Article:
In this modern world of instant information, have we become inured to horror? Every day we are exposed to pictures and films of extreme violence, they flicker through our consciousness, moving on to the newest examples of human propensity for violence. And we forget each previous example as the newest hits the media.
However, one example of this propensity for violence, common to every country in the world, is with us every day, has been going on every day throughout recorded history, and seems hardly to evoke the same concern as war in Syria, Mali, South Sudan, or Somalia. But it is prevalent in every country in the world — WITHOUT EXCEPTION.
Indeed as UN Women has pointed out violence against women and girls is a problem of pandemic proportions with up to 70 percent of women experiencing physical or sexual violence in their lifetime – perpetrated by husbands, intimate partners or someone the victims know.
Consider the following:
- In the United States, one-third of women murdered each year are killed by intimate partners.
- In South Africa, a woman is killed every 6 hours by an intimate partner.
- In India, 22 women were killed each day in dowry-related murders in 2007.
- In Guatemala, two women are murdered, on average, each day.
- Women and girls comprise 80 percent of the estimated 800,000 people trafficked annually, with the majority (79%) trafficked for sexual exploitation.
- Approximately 100 to 140 million girls and women in the world have experienced female genital mutilation/cutting, with more than 3 million girls in Africa annually at risk of the practice.
- More than 60 million girls worldwide are child brides, married before the age of 18, primarily in South Asia (31.1 million and Sub-Saharan Africa (14.1 million).
- An estimated 150 million girls under 18 suffered some form of sexual violence in 2002 alone.
- As many as 1 in 4 women experience physical and/or sexual violence during pregnancy which increases the likelihood of having a miscarriage, still birth and abortion.
- Approximately 250,000 to 500,000 women and girls were raped in the 1994 Rwandan genocide.
- In Eastern Democratic Republic of Congo, at least 200,000 cases of sexual violence, mostly involving women and girls, have been documented since 1996, though the actual numbers are considered to be much higher.
- In Zimbabwe, 52% of women reported being victims of political violence, with 2% being victims of politically motivated rape, and 3% reporting that a family member had been raped. A startling 16% claimed that they knew of a woman who had been raped.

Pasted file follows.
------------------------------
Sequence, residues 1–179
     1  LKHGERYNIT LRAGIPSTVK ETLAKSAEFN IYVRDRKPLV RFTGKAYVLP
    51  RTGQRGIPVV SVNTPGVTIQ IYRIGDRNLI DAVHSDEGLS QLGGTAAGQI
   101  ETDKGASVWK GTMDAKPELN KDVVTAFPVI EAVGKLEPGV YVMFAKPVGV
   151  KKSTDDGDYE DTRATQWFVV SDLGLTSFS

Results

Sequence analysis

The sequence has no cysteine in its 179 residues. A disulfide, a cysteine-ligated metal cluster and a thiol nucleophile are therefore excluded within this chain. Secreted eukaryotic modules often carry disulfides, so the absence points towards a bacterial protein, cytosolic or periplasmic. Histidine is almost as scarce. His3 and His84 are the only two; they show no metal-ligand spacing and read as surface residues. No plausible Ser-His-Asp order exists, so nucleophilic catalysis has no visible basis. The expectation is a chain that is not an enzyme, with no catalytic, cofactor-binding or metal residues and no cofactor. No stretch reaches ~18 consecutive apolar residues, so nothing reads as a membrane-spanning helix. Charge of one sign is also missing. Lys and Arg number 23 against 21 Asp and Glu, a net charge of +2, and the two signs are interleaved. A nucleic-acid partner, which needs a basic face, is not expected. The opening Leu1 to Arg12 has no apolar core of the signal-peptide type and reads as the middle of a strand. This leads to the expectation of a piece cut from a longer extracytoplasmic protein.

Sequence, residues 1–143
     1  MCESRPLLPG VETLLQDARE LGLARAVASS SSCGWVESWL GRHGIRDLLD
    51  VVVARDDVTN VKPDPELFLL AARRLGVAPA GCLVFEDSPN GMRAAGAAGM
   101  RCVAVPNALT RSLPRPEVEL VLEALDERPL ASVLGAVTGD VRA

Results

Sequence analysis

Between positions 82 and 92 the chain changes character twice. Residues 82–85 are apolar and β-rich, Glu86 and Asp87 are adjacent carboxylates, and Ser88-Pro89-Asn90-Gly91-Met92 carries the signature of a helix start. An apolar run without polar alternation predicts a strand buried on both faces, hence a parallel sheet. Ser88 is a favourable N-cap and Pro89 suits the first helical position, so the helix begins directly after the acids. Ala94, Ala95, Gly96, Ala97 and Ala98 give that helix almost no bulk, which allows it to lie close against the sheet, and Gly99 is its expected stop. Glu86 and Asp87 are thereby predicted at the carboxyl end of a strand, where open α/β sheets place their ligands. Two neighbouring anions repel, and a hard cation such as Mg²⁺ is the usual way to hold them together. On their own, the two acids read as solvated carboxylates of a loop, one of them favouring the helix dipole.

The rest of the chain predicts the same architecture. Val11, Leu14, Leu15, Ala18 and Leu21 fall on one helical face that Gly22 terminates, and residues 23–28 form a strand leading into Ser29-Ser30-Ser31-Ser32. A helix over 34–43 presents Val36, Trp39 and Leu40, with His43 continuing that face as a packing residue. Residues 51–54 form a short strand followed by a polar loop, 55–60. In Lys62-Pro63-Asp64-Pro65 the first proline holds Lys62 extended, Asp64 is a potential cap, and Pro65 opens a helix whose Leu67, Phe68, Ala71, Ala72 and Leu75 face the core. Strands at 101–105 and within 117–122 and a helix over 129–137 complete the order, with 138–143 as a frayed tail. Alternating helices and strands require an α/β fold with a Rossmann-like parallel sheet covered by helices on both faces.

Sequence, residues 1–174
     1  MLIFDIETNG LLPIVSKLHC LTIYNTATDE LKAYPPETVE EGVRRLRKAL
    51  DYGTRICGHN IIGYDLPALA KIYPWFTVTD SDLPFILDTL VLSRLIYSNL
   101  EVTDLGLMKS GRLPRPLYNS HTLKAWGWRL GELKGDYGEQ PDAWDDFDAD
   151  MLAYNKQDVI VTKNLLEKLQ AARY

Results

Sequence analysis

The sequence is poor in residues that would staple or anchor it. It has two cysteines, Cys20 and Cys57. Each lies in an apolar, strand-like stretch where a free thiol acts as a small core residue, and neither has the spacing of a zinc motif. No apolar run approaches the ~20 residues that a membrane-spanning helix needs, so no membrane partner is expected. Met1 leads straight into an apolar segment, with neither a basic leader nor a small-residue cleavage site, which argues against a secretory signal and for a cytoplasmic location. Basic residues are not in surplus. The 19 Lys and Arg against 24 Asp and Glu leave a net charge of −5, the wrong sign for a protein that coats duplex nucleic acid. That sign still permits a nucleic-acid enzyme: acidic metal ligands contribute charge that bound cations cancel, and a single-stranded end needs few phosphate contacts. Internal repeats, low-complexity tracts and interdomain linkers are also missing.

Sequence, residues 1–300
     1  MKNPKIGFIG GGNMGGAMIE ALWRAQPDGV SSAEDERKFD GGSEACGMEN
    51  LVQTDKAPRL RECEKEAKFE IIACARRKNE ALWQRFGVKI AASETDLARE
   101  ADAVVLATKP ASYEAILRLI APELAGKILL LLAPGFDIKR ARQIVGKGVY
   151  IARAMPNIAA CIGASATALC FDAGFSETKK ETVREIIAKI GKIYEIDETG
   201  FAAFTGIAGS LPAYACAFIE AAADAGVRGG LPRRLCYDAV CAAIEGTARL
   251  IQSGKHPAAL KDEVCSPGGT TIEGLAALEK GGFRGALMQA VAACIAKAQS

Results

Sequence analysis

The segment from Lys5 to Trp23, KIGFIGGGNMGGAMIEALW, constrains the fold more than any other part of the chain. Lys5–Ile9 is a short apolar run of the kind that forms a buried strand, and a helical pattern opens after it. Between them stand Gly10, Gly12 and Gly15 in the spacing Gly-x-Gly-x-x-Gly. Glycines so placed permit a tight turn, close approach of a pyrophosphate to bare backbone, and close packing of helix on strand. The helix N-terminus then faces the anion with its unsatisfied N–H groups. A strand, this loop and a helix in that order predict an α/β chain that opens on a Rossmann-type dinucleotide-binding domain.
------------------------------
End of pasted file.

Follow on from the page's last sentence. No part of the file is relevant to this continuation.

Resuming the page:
- Up to 53% of women physically abused by their intimate partners are being kicked or punched in the abdomen.
- In Sao Paulo, Brazil, a woman is assaulted every 15 seconds.
- Domestic violence alone costs approximately USD 1.16 billion in Canada and USD 5.8 billion in the United States. In Australia, violence against women and children costs an estimated USD 11.38 billion per year.
- Between 40 and 50% of women in European Union countries experience unwanted sexual advances, physical contact or other forms of sexual harassment at their workplace.
- In the United States, 83% of girls aged 12 to 16 experiences some form of sexual harassment in public schools.
- In Ecuador, adolescent girls reporting sexual violence in school identified teachers as the perpetrator in 37 percent of cases.
So, when it is claimed that 1 000 000 000 women are victims of violence, let us be clear that this is an underestimate. None of us should be thrilled knowing that 70% of half the population suffers abuse. No wonder one billion are rising! But wouldn’t it be wonderful if all seven billion human beings under the sun were rising, and these statistics became a thing of the past.
Maybe we need to see all these violent and discriminatory practices as crimes against humanity, fully one half of humanity. Not merely ordinary crimes, but evidence of deep rooted cultural prejudices, which we should get rid of. Some would ask; how do we get rid of these prejudices? I say; perhaps when patriarchy is seen as a crime against humanity.
This article first appeared on MaDube’s Reflections